“Reiter’s syndrome”, a disease of males characterized by initial diarrhea, urethritis, conjunctivitis, and arthritis. Reiter was a German Nazi physician and war criminal who conducted medical experiments at Buchenwald. He wrote a book on "racial hygiene" entitled Deutsches Gold, Gesundes Leben - Frohes Schaffen (1942)
"During World War I, Reiter worked first as a German military physician on the Western Front in France. While there, he cared for several soldiers suffering from Weil's disease, and made his first notable discovery that one of the causative bacteria were Leptospira icterohaemorrhagica, which had eluded culture methods and identification by other scientists ever since that disease had been recognized in 1886. Later, after being transferred to the Balkans, where he served in the 1st Hungarian Army, he reported a German lieutenant with non-gonococcal urethritis, arthritis, and uveitis that developed two days after a diarrheal illness and had a protracted course with relapses over several months. The combination of two of the elements, urethritis and arthritis, had been recognized in the 16th century, and the triad had first been reported by Sir Benjamin Collins Brodie, an English surgeon who lived from 1783 to 1862. Separately from Reiter, the triad was also reported in 1916 by Fiessinger and Leroy. Reiter thought he saw a spirochete which he called Treponema forans, related to but distinct from Treponema pallidum, the causative agent of syphilis, and erroneously thought it was the cause, calling the disease Spirochaetosis Arthritica. The error probably was influenced by his previous discovery of Leptospira icterohaemorrhagica, and by his work on Treponema pallidum that later enabled others to develop the "Reiter Complement Fixation Test" for syphilis. Nevertheless, the eponym Reiter's syndrome was used for the disease he described, and the syndrome became widely known by that name."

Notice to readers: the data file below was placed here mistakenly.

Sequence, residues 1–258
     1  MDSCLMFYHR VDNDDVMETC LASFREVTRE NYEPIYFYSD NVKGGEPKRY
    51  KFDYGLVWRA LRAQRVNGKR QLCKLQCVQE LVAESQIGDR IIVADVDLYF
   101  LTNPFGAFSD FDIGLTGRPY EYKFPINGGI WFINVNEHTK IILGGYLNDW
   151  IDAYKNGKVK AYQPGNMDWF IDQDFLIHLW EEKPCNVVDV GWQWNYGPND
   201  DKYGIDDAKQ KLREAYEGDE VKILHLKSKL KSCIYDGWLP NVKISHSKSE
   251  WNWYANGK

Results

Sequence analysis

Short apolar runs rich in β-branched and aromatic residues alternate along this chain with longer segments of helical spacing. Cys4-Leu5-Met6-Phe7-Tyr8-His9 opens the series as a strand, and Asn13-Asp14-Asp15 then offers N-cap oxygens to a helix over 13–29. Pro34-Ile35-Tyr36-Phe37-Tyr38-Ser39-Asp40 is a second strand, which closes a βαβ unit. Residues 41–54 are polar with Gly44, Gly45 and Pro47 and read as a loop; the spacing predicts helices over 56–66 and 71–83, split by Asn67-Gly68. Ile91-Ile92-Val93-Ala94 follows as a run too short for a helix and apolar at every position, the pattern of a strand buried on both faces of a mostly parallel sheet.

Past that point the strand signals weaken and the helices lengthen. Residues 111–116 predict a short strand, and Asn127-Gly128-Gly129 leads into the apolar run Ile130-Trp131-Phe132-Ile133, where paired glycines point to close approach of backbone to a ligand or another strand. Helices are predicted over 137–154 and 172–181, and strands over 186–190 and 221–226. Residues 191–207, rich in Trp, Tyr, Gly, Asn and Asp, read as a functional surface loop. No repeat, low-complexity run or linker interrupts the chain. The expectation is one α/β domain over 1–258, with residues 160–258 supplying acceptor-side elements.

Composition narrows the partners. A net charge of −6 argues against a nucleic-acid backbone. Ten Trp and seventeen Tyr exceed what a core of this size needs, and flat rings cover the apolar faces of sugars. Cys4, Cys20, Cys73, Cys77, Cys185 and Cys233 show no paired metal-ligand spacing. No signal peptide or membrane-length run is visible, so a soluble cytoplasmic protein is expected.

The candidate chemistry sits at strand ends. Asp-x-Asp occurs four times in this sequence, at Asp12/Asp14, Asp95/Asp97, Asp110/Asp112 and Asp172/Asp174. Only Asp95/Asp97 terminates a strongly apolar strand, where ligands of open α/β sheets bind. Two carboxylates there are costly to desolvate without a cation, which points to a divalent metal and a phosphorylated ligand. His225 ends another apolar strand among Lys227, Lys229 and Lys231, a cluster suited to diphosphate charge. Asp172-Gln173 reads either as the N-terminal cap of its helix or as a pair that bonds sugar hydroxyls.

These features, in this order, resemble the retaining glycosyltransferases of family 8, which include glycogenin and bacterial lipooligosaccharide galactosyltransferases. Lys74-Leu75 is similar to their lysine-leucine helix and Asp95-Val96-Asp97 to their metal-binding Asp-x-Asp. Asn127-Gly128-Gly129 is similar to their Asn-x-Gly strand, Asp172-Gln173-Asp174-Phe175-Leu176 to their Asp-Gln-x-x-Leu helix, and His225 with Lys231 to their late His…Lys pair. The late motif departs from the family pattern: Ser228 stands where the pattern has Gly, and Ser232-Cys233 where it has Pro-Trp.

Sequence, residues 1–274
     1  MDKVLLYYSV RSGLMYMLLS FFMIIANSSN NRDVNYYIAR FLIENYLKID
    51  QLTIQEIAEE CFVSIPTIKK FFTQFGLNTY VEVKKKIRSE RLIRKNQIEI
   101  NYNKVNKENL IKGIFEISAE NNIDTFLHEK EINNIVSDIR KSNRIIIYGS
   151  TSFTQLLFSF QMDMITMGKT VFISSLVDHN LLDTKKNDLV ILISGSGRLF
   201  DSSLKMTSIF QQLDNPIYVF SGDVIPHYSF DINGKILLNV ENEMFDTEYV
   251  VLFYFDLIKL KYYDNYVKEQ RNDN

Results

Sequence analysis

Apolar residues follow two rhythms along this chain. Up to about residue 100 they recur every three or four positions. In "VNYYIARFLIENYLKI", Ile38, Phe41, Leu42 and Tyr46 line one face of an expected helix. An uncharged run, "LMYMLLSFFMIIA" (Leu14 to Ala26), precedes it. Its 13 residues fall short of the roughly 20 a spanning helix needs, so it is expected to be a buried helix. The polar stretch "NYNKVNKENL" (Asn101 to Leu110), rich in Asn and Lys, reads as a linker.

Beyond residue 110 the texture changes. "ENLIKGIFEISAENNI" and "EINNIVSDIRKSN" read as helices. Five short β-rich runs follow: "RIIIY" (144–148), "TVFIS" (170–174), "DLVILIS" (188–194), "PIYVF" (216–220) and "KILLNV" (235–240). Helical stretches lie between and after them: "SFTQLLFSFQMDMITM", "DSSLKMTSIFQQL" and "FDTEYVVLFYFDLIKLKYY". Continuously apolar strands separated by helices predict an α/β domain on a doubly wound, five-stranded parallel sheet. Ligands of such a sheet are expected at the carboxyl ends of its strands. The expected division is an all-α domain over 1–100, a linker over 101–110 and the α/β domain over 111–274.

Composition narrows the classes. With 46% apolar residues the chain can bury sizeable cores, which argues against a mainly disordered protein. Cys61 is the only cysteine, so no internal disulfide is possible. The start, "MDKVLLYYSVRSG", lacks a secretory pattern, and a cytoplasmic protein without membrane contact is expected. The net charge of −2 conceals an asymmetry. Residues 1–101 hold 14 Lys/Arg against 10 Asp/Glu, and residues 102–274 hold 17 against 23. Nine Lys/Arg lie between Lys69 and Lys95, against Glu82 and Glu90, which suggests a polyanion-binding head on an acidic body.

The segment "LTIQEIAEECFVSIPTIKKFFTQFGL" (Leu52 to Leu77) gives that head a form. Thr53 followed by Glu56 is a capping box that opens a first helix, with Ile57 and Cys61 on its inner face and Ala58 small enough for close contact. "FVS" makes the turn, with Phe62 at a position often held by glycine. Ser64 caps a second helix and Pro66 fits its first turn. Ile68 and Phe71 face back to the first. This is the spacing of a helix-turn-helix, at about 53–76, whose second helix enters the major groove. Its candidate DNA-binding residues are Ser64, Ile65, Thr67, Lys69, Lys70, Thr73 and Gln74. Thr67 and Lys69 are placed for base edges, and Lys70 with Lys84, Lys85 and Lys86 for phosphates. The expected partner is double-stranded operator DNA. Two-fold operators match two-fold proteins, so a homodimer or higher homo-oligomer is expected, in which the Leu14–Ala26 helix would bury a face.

"In 1977, a group of doctors began a campaign to replace the term "Reiter's syndrome" with "reactive arthritis". In addition to Reiter's war crimes, they pointed out that he was not the first to describe the syndrome, nor were his conclusions correct regarding its pathogenesis. Reiter incorrectly concluded that the triad of conjunctivitis, urethritis, and non-gonococcal arthritis was the result of a spirochetal infection and proposed the name "Spirochaetosis arthrosis". The group of doctors was joined by Dr. Ephraim Engleman, one of the authors on the first English-language journal article that used the term "Reiter's syndrome," who was still practicing 65 years later and had been unaware of his Nazi connections at the time he suggested the eponym. The campaign gradually gained momentum, and the term "Reiter's syndrome" has become increasingly anachronistic and has fallen out of favor." (Wikipedia article on Hans Reiter (physician), accessed 3-2020).
See also No. 6370.